Thankfully for WBX, enough people did indeed head to the site to place bets and take each other on on the exchange. It wasn’t much to begin with, but as the years went on WBX soon began to establish itself as a genuine rival to Betfair; albeit on a much smaller scale. The company’s own internal audit suggested its users would have paid 35% more commission if they’d placed the same bets on the Betfair exchange.
This theory was that they offered a tiered level of commission depending on how many horses were running in a race. Three horses or fewer and users would be charged 3%, four entrants to a race would result in a 4% commission and five horses or more would see punters paying 5% commission. They also offered a loyalty scheme that resulted in loyal bettors paying even lower commission rates.
Whilst never quite being a true challenger to Betfair, WBX did well enough to mean that the company was able to thrive in the years that followed its launch. Indeed, it was in existence for more than a decade before talk began to spread that Malcolm Gray was thinking about closing it down, which was an impressive amount of time for a company that people were unsure of when it initially launched onto the market.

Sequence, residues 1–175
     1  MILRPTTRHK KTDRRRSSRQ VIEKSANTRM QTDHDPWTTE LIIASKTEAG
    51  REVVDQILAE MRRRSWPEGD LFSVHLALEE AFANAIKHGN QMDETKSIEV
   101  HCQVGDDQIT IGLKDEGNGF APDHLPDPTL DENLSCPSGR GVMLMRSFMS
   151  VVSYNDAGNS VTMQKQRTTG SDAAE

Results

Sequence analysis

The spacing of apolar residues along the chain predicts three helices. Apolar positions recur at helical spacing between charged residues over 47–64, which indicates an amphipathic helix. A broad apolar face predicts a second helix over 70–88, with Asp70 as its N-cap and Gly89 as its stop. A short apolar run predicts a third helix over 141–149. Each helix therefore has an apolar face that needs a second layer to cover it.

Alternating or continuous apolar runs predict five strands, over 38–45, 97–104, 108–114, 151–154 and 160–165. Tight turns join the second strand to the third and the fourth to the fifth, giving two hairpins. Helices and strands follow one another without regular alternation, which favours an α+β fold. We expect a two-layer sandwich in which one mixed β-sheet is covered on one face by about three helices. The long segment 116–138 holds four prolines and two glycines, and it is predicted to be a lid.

Given the scepticism around the company’s launch from punters, it was certainly touch and go whether it would be able to win over punters and compete in the early months after its launch. By the end of 2008, however, WBX claimed that its customers had bet more than £500 million against each other that year. It also claimed that more than billion had been wagered on the site since it launched.
The Shutters Come Down
Whilst WBX did well enough for nearly ten years as a company that provided an alternative to Betfair, ultimately, it didn’t do well enough to keep going. It announced that it was closing down on the 16th of March in 2015, following through with that pronouncement later the same day. Customers were able to access their accounts in order to withdraw funds, but no more bets could be placed.